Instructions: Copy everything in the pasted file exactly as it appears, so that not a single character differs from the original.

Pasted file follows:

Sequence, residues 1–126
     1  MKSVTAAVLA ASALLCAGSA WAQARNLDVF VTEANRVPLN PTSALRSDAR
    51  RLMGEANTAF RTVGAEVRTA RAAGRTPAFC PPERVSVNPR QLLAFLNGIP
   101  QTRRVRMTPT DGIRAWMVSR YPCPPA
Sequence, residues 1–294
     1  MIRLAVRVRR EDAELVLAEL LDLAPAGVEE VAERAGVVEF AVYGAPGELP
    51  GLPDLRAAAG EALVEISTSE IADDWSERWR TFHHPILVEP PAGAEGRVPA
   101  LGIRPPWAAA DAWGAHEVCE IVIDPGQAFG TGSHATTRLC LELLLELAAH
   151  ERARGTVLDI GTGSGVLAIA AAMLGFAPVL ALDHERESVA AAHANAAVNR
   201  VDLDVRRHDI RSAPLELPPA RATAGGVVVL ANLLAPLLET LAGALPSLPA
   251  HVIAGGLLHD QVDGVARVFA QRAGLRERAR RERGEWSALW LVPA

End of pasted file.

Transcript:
Sequence, residues 1–126
     1  MKSVTAAVLA ASALLCAGSA WAQARNLDVF VTEANRVPLN PTSALRSDAR
    51  RLMGEANTAF RTVGAEVRTA RAAGRTPAFC PPERVSVNPR QLLAFLNGIP
   101  QTRRVRMTPT DGIRAWMVSR YPCPPA
Sequence, residues 1–294
     1  MIRLAVRVRR EDAELVLAEL LDLAPAGVEE VAERAGVVEF AVYGAPGELP
    51  GLPDLRAAAG EALVEISTSE IADDWSERWR TFHHPILVEP PAGAEGRVPA
   101  LGIRPPWAAA DAWGAHEVCE IVIDPGQAFG TGSHATTRLC LELLLELAAH
   151  ERARGTVLDI GTGSGVLAIA AAMLGFAPVL ALDHERESVA AAHANAAVNR
   201  VDLDVRRHDI RSAPLELPPA RATAGGVVVL ANLLAPLLET LAGALPSLPA
   251  HVIAGGLLHD QVDGVARVFA QRAGLRERAR RERGEWSALW LVPA